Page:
Why are we shocked by the high levels of male violence in society, when the celebration of male aggression is woven throughout our culture and modeled at the very highest level?
I suspect I possess emasculating levels of personal ambition and drive, but I must confess that I have never wanted anything badly enough to thrust another man’s face into a muddy paddock to get it.
I’m not entirely claiming the moral high ground here. On the day that H&M opened their first Australian store, I had a momentary lapse in composure that saw me reach across the face of a competing shopper, to secure the last available Cotton Stretch tee in the V-neck of my preferred colour. So I am perfectly attuned to the emotional turmoil that might give rise to an act of such naked aggression.
For those unfamiliar with the classic ‘spear tackle’ maneuver, it is an attempt, within the context of a jolly football match, to gain a competitive advantage by driving another man’s head into the ground at spine-snapping velocity. It’s all in good fun of course and the offending spear-tackler need fear no greater forfeit than a small fine and a two-match ban.
Now, as much as I abhor acts of physical brutality, I have developed a necessary threshold of tolerance for the insistence of two grown men to beat the living shit out of each other, with the following provisos:
- It is fully consensual
- I don’t have to watch
- No third parties are physically or psychologically harmed in the process
Ah, but there it is! If you’re as sharp as me, it won’t have escaped your observation that the average football stadium seats between forty and sixty thousand people at capacity. If a quarter of them is under fifteen, that’s ten thousand kiddies witnessing the spear-tackling shenanigans of their cherished idols.
One thing I know with certainty is that little boys study bigger boys with the concentration of a portrait painter scrutinising his subject for every last crease and contour. They learn that a mastery of prescribed male behaviour is a goal of unrivalled importance and the wages of transgression may be relegation to a social world populated by girls, geeks and homos.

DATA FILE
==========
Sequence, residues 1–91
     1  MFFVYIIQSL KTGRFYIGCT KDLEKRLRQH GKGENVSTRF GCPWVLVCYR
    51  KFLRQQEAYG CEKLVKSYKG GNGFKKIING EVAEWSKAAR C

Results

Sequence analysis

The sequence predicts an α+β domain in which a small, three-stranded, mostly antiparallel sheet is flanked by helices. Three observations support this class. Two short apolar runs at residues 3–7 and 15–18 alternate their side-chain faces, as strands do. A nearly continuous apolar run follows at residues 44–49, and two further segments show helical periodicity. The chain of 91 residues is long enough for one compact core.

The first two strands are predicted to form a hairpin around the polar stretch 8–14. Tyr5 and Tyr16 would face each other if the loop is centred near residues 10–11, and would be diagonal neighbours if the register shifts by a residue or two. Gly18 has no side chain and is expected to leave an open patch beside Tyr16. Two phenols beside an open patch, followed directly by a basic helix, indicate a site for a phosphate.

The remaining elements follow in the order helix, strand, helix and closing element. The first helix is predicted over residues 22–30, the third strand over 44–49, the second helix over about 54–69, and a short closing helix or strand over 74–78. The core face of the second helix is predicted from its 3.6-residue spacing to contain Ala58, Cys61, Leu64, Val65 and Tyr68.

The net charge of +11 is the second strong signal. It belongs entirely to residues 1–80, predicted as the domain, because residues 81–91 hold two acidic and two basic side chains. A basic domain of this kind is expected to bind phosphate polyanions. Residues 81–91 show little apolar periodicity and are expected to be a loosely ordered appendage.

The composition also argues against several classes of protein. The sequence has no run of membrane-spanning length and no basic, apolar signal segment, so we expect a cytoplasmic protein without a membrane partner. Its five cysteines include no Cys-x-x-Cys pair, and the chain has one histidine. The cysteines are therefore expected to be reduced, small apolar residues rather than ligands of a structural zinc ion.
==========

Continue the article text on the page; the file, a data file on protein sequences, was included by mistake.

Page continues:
If only I’d learnt earlier in my school career that a life surrounded by girls, geeks and homos would have been infinitely more uplifting than years of trying to squeeze an irregular-shaped me into the square hole of socially-prescribed boy culture.
But I’m veering off track. The point is that boys desperately seek male role models to guide them in their existential quest and no role model is more deified in our popular culture than that paragon of manhood, the bronzed, mythic figure of the footie hero.
Why are we shocked by the high levels of male violence in society, when the celebration of male aggression is woven throughout our culture and modeled at the very highest level? Why do we expect the undeveloped male brain to understand that actions lauded in one context are outlawed in another? On what basis do we trust a young man, schooled on the turf and the terraces, to possess the emotional intelligence to safely regulate difficult feelings when at home?
Ok, you’re right. I’m in no position to lecture. Somewhere in Melbourne there is a casual shopper still traumatised by flashbacks of that day in H&M, when a thrusting forearm momentarily obscured his vision and thwarted his attempt to secure the last available Cotton Stretch tee in the V-neck of his preferred colour.